Savings account interest rates rise after rate hikes, but are they fast enough and by how much?
Rising Reserve Bank cash rates may spell disaster for mortgage borrowers, but Inge Meldgaard hopes higher rates will boost income from her savings.
“I was extremely happy,” the 69-year-old retiree told ABC News.
When it comes to passing on higher rates to savers, most banks have so far been slow to do so.
But for low-income people like Ms Meldgaard, their lives depend on it.
“When people are on such a low income as I am, even a few thousand dollars a year makes a difference,” Ms Meldgaard said.
The interest Ms Meldgaard earns on her savings from the bank has been a crucial part of her income since she retired in early 2006 due to ill health.
She said that at the time she was earning up to 10% on her savings, meaning she could support herself without a job or a pension.
Savers have suffered from years of low interest rates
Over the past few years, with historically low interest rates, there has been a steady erosion of savings rates across all banks.
This has dealt a severe blow to the safety net of many retirees and self-funded retirees.
Ms Meldgaard, who lives alone in Belgrave Heights in south-east Melbourne, said even with the old-age pension it would not be enough to cover most of her basic expenses, while she has been “very frugal and kept its spending “down to the bare minimum”.
Last week, the RBA raised interest rates for the second time in two months, taking the spot rate from 0.35% to 0.85%.
In May, the central bank raised official interest rates by a quarter of a percentage point for the first time in more than a decade to curb soaring inflation, as the cost of living rose by 5 .1% over the past year.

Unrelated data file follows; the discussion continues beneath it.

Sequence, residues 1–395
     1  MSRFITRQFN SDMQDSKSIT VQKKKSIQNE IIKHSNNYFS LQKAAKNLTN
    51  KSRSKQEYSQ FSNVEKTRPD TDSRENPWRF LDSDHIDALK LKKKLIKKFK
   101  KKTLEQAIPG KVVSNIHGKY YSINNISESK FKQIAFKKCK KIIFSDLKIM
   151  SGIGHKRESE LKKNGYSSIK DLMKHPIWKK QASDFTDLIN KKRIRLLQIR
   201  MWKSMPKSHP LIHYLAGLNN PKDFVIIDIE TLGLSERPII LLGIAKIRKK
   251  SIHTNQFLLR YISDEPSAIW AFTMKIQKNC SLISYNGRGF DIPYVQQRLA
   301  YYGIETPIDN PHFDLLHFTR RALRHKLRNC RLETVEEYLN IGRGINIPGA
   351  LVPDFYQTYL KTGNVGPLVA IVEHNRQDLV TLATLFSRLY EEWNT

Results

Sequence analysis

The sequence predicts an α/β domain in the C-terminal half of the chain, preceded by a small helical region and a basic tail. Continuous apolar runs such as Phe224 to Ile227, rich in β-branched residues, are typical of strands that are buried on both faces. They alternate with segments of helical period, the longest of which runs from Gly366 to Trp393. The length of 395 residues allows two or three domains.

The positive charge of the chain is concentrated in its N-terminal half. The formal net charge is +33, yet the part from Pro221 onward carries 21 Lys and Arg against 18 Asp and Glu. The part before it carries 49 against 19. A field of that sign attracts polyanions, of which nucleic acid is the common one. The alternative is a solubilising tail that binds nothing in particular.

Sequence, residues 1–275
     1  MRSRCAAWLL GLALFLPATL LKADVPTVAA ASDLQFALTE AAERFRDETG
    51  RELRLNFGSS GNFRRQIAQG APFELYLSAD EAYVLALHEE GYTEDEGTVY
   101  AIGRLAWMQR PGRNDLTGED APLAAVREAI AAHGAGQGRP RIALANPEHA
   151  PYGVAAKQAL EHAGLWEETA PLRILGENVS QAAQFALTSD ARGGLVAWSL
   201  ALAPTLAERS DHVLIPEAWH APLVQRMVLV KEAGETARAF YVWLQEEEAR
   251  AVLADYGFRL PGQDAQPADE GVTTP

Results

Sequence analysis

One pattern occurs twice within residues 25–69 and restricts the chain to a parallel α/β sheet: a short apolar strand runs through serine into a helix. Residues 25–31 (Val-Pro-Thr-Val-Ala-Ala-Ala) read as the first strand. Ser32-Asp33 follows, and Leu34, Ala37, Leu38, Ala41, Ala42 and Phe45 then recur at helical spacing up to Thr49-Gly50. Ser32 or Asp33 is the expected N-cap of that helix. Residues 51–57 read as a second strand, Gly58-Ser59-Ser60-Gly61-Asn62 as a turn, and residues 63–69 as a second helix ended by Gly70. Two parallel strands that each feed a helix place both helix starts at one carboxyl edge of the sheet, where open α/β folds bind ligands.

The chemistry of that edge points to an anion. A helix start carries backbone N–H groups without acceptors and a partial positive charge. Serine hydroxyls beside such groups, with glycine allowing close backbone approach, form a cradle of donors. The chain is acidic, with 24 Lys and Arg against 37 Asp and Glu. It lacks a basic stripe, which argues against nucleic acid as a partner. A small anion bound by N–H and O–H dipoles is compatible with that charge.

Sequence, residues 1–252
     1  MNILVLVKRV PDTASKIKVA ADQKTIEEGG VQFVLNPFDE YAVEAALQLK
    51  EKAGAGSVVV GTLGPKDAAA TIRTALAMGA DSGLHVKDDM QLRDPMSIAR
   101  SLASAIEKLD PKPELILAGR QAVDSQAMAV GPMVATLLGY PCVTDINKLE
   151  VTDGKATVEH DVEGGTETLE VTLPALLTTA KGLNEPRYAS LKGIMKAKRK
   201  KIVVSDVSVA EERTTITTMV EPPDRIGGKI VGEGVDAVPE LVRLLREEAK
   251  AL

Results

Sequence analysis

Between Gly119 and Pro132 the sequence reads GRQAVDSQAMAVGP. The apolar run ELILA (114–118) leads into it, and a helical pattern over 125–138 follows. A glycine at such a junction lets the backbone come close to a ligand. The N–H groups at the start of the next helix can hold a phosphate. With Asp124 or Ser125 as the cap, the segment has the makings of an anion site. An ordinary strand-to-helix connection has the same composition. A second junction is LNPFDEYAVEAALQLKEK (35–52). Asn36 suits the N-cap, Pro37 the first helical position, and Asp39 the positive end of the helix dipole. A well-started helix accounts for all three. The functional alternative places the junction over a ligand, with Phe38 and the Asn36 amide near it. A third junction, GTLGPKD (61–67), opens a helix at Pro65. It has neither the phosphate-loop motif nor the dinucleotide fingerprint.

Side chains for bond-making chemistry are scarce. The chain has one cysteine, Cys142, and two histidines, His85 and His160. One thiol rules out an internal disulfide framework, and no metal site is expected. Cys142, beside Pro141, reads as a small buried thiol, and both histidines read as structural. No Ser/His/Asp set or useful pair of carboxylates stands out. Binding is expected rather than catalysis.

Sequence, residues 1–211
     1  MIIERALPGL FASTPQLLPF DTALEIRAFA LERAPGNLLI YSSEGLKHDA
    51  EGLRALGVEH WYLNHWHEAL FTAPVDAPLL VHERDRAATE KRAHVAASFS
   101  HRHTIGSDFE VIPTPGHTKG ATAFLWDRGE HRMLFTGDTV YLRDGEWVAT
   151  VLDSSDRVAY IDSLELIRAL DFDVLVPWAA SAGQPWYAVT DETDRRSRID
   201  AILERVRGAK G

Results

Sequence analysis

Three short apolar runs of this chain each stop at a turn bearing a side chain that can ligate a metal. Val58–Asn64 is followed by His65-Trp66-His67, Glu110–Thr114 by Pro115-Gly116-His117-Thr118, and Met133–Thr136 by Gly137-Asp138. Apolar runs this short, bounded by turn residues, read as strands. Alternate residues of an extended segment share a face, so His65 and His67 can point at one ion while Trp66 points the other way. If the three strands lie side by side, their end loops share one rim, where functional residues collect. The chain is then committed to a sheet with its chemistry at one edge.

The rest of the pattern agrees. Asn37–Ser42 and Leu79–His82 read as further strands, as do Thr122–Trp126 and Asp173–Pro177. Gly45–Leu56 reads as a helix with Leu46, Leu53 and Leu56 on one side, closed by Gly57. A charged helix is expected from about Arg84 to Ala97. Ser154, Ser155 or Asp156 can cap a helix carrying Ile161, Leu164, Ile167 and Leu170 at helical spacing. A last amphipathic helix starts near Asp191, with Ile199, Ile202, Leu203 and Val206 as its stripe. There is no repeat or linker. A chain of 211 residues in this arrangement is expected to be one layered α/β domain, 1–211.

Most lenders transferred the full value of May’s rate hike to variable mortgage rates, while about two dozen banks are passing on the June hike in full.
It’s a different story for savings rates.
When will the banks pass on the increase to savings accounts?
RateCity analysis shows that since the rate hike this month, only about 10 banks have announced savings account hikes.
In response to last month’s rate hike, only 66% of lenders raised savings account rates in line with the 25 basis point cash rate move in May, according to Canstar.
So far, only one of the big four banks has announced that it will pass on the full value of the June rate hike to certain deposit accounts.
Commonwealth Bank said it would raise the bonus interest rate for GoalSaver and YouthSaver accounts by half a percentage point from June 17, while Westpac, NAB and ANZ have yet to announce a hike in interest. savings accounts.
Meanwhile, competition in the savings industry began to heat up, with Macquarie and ING aiming to lure savers with higher interest rates.
Macquarie Bank said it would raise the interest rate on its transaction account from 0.20% to 1.50% on balances up to $250,000 from June 17, while ING raised the interest rate on its Savings Maximiser account from 0.75 percentage points to 2.10% on balances up to $100,000 starting June 15.
According to the latest figures from banking watchdog the Australian Prudential Regulation Authority (APRA), Australians are sitting on $1.27 trillion in savings, an increase of $281 billion since the pandemic.